Jayco RM.19-1 Review

Paul Owen investigates the advantages of choosing the Jayco RM.19-1, and finds a surprising amount of nifty tricks on board.

The advantages of a campervan over an admittedly more spacious motorhome or caravan are manyfold and this mode of RV travel remains a highly popular choice. That’s because the conversion of an ordinary commercial van into some form of mobile home often results in a vehicle that is more durable, safer, more compact, easier to drive and more economical to own and run.

However, there’s one further factor that probably seals the deal for campervan buyers. They’re generally more affordable than their motorhome brethren as the starting point is an existing van with its entire body remaining intact rather than one that’s been chopped up to have a more caravan-like body and extensive chassis and suspension modifications added. This is the reason that few new campervans of between 6-7m in length cost more than $200K, while that price point is increasingly becoming the place in the market where the pricing of new Class C semi-integrated motorhomes of more than 7m in length begins.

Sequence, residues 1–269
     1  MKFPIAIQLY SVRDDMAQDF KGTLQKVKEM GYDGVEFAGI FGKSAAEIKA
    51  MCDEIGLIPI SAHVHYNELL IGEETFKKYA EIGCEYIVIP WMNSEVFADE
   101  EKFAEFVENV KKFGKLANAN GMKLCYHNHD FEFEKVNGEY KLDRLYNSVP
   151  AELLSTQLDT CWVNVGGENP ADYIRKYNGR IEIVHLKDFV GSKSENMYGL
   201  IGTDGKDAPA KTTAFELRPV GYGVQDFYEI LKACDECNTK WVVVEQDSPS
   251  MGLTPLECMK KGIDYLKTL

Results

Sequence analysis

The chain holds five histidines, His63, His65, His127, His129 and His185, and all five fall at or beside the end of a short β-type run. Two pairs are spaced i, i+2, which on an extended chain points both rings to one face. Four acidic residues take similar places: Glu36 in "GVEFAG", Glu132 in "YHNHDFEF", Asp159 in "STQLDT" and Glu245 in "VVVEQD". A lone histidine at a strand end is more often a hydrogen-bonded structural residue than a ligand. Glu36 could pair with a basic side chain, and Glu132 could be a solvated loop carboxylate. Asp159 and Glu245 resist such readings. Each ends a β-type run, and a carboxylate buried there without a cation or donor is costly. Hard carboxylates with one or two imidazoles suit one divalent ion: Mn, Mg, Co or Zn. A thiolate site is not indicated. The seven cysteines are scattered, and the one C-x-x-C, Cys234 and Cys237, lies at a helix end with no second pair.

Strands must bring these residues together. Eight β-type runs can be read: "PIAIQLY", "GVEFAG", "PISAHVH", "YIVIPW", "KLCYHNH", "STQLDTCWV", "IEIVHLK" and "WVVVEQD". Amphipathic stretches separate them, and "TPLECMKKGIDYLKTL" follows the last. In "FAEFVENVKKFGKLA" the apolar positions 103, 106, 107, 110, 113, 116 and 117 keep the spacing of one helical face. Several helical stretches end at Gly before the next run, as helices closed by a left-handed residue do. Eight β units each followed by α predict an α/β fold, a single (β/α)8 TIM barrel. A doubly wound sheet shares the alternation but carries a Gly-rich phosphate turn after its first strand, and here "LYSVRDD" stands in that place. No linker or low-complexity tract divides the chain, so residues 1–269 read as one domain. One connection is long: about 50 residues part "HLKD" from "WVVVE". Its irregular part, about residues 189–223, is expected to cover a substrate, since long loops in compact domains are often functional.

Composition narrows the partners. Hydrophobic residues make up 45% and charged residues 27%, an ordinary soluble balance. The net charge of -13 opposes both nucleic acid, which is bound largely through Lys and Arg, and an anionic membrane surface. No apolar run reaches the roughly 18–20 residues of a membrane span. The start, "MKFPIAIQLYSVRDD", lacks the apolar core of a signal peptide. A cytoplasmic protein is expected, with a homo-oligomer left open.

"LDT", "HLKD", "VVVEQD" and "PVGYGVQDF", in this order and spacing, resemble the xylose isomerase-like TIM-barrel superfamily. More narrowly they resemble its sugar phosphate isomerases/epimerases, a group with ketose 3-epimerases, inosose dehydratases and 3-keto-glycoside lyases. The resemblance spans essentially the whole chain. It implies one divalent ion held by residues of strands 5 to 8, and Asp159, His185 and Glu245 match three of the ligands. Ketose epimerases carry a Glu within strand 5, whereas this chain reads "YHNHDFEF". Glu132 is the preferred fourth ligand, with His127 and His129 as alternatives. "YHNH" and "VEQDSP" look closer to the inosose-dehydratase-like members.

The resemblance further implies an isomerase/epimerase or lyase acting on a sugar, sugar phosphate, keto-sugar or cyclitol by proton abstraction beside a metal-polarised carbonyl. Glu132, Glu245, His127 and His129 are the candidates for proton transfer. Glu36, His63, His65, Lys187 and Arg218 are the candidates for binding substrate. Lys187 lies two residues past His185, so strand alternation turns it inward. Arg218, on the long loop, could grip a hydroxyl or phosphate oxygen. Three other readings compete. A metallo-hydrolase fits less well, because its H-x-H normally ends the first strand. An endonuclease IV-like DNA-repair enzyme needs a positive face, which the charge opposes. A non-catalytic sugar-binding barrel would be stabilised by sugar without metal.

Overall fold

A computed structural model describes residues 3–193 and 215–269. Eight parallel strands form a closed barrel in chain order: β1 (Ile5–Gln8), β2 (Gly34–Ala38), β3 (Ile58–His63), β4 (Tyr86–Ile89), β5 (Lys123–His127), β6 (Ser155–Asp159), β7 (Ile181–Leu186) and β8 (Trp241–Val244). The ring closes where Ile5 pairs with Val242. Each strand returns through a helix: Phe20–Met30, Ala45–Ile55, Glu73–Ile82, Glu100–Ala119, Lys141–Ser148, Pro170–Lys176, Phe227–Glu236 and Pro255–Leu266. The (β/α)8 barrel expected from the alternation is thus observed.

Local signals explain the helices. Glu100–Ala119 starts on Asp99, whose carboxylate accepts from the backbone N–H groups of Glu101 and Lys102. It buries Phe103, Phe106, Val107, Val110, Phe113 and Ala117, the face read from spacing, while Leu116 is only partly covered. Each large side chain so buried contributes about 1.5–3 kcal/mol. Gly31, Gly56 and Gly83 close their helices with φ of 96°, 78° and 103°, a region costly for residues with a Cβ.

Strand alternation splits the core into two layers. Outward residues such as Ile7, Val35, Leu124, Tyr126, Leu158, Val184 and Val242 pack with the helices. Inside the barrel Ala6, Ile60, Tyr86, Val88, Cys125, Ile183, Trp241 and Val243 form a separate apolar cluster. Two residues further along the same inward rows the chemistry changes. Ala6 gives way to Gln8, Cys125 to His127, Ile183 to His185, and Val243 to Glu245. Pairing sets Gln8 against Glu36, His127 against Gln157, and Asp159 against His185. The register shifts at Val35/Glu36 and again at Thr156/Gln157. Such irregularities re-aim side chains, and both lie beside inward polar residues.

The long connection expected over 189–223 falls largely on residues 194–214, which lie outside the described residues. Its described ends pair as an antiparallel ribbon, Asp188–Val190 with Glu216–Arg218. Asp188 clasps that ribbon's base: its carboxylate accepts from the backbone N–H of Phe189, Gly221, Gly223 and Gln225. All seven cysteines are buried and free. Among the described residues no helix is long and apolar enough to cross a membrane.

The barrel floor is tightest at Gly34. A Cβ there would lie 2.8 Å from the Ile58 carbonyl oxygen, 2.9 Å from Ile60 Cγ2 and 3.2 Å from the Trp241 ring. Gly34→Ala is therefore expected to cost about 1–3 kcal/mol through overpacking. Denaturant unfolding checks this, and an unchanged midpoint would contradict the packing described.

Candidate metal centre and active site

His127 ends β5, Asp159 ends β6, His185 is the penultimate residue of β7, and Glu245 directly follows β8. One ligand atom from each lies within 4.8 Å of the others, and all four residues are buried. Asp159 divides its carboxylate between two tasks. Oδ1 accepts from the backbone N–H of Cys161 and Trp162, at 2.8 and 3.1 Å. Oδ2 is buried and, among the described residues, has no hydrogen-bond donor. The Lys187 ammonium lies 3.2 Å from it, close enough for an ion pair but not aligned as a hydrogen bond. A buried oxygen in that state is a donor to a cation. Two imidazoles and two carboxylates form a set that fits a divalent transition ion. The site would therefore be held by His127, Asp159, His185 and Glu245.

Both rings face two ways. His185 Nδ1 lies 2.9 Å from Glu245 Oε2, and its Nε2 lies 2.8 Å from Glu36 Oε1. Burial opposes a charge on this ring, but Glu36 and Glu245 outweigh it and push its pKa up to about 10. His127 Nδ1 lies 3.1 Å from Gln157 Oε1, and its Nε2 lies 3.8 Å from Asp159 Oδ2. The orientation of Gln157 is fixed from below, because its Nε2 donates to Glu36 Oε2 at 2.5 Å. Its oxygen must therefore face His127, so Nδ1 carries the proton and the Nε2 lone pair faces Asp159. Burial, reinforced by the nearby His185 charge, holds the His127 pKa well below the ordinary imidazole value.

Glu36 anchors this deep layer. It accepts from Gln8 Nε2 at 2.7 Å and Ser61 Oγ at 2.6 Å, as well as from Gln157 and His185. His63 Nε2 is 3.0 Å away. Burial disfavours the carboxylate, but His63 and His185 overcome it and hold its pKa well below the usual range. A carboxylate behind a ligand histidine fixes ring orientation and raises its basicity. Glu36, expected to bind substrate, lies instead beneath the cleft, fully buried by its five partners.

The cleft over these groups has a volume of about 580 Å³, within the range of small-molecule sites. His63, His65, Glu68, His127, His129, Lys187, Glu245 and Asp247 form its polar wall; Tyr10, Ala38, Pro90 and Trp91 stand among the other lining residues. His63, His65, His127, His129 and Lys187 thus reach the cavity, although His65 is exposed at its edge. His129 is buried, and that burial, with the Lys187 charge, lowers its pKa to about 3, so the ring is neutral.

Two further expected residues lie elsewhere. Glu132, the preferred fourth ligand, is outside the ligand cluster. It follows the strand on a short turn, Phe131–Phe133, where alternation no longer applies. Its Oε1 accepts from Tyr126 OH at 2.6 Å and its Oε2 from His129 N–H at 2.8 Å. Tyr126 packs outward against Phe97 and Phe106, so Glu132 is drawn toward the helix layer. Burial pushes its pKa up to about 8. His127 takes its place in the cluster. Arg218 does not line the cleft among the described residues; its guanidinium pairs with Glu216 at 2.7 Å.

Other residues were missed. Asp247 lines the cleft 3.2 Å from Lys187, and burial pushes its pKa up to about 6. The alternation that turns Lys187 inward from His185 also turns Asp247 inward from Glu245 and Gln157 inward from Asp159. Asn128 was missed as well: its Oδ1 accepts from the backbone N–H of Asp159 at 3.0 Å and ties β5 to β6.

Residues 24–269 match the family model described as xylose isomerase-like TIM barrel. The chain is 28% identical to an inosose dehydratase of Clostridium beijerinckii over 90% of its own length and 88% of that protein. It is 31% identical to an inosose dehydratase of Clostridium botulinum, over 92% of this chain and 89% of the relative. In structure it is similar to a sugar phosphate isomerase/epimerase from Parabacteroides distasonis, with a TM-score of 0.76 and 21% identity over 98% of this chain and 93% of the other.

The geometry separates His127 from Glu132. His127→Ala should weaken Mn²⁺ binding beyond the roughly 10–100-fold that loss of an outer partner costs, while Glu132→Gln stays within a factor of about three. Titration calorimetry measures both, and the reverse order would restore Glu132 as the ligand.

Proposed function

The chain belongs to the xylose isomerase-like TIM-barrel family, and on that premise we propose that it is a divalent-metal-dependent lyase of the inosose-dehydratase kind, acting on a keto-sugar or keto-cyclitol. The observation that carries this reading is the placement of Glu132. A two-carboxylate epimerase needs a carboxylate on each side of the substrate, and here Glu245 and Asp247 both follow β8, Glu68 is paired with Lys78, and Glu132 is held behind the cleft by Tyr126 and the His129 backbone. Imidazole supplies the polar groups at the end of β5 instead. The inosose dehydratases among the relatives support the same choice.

The cabin is all business up front, all party in the back

Most new campervans enter the New Zealand marketplace priced at around the $150K mark, while those from well-heeled European brands usually start at around $180,000, especially if furnished to impress. Apart from the cost of the conversion of a commercial vehicle into a campervan and the quality of its furnishing, the biggest factor influencing campervan prices is the cost of the van that forms the starting point. For example, Volkswagen’s popular (and now sold out for a year) New Zealand campers, the Grand California 600 and 680, use 4WD versions of the Crafter van range that cost over $100,000 when simple delivery vans. Hence the 6m-long 600 costs $169,000 while the 6.8m-long 680 lists for $173,000, once all the insulation, plumbing, electrics, appliances, solar system, extra battery, beds, tanks, storage, and furniture has been added.